The AZON VB-1 was a radio controlled bomb, similar to the German’s Fritz X (including a burning flare in the tail), except that it could only be steered left and right, not up and down (AZON stands for “azimuth only”). This meant the bombardier had to get the ballistics right before release, but the limited steering meant he could correct its flight path to some extent. We began using it in 1944 against hard-to-hit bridge targets in Europe and Burma.
America’s other WWII PGM was the ASM-N-2 Bat, a radar-guided glide bomb carried by heavy Navy bombers (like the Privateer in the photo above). This weapon entered development quite early in the war, and was originally meant to be guided optically with a television camera in the nose. At some point guidance was changed to radar. I wondered whether the mothership had to maintain a radar lock on the target to steer the Bat as it glided, but apparently the Bat’s radar was self-contained and autonomous, which made it a launch-and-leave weapon, quite advanced for WWII. The Bat was first tested in 1944. It was used in combat in the Pacific in mid-1945, where it was successfully employed against Japanese ships and railroad bridges. The Bat stayed in Navy service until 1953.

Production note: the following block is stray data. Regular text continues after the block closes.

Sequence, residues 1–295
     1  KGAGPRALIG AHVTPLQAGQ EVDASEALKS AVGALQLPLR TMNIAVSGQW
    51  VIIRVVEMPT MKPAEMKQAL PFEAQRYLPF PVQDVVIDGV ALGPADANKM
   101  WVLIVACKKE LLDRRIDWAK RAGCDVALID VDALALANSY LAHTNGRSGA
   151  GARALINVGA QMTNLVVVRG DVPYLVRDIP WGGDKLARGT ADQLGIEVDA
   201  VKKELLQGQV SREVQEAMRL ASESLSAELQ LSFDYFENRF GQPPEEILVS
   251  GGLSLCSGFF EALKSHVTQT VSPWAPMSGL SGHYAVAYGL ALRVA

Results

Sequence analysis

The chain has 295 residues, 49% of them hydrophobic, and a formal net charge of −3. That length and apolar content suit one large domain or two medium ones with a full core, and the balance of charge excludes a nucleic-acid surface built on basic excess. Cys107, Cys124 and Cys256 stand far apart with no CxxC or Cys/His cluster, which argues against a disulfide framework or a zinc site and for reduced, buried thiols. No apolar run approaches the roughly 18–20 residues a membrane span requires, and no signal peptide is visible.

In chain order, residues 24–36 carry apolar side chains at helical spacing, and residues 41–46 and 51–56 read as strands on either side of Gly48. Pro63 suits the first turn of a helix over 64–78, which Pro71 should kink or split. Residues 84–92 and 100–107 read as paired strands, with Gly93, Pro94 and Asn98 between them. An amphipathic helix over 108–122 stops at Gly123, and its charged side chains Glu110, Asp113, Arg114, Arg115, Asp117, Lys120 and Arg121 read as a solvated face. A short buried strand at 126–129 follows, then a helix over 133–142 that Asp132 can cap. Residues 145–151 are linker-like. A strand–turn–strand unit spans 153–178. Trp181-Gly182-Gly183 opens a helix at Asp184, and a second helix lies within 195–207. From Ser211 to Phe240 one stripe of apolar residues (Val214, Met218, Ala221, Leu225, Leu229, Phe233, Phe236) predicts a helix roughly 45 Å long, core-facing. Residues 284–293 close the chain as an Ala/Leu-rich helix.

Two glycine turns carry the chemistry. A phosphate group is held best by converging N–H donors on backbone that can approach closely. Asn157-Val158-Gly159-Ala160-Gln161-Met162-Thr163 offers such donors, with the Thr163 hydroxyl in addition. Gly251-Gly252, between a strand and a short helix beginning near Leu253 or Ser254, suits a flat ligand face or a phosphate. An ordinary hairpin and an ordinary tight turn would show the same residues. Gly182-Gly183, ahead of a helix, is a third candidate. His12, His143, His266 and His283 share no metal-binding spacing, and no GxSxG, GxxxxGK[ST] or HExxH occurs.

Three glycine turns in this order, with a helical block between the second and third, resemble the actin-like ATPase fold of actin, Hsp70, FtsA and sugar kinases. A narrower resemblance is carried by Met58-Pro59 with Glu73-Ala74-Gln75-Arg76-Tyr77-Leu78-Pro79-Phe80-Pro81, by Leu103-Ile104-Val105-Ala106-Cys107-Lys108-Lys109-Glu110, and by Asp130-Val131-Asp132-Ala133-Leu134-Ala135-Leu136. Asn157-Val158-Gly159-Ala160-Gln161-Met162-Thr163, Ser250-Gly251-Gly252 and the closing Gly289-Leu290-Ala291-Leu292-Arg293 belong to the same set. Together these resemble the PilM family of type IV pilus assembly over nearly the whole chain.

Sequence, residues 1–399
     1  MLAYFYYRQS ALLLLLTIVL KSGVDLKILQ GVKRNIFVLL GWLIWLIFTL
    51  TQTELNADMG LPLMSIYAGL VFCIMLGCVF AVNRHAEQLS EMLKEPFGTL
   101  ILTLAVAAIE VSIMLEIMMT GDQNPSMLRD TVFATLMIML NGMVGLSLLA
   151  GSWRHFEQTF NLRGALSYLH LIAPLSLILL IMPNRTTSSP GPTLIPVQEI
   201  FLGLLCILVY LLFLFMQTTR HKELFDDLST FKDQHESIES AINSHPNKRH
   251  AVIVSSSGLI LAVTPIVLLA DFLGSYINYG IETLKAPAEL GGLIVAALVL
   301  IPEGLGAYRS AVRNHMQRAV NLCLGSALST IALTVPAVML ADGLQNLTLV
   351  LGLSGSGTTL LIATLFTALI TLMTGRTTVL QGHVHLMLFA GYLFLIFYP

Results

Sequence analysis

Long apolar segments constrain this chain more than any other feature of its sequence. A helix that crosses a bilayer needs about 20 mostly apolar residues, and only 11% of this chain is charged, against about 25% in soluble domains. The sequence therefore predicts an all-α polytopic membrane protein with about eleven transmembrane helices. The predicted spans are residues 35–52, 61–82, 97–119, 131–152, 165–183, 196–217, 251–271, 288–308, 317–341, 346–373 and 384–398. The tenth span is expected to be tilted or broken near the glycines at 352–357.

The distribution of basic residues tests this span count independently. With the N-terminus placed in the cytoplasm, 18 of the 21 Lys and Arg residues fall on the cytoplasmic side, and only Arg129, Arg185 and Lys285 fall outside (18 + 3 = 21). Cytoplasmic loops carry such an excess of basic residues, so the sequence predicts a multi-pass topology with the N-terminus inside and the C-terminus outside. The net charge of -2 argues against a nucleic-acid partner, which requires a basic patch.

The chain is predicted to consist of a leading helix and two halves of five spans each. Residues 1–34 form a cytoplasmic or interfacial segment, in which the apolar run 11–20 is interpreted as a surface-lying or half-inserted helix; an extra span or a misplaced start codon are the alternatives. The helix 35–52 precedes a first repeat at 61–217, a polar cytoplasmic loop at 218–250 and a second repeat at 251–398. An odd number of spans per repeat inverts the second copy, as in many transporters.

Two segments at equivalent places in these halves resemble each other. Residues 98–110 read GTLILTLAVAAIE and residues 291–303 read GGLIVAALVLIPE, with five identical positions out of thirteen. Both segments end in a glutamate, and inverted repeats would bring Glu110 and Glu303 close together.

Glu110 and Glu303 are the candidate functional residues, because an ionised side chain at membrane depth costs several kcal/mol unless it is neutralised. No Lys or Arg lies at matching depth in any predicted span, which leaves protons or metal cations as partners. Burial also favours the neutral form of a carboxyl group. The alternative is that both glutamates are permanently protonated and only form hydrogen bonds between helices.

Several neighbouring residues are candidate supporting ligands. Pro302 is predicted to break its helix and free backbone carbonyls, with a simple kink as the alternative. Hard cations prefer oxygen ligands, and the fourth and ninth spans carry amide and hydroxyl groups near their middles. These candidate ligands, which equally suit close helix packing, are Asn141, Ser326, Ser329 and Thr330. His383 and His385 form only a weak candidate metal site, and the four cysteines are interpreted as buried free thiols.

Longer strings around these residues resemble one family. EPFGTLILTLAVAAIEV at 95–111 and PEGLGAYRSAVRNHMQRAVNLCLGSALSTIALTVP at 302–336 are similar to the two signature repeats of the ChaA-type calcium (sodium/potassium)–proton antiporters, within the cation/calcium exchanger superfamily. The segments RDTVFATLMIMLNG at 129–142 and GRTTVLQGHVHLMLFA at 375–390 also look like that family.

And then there was Japan.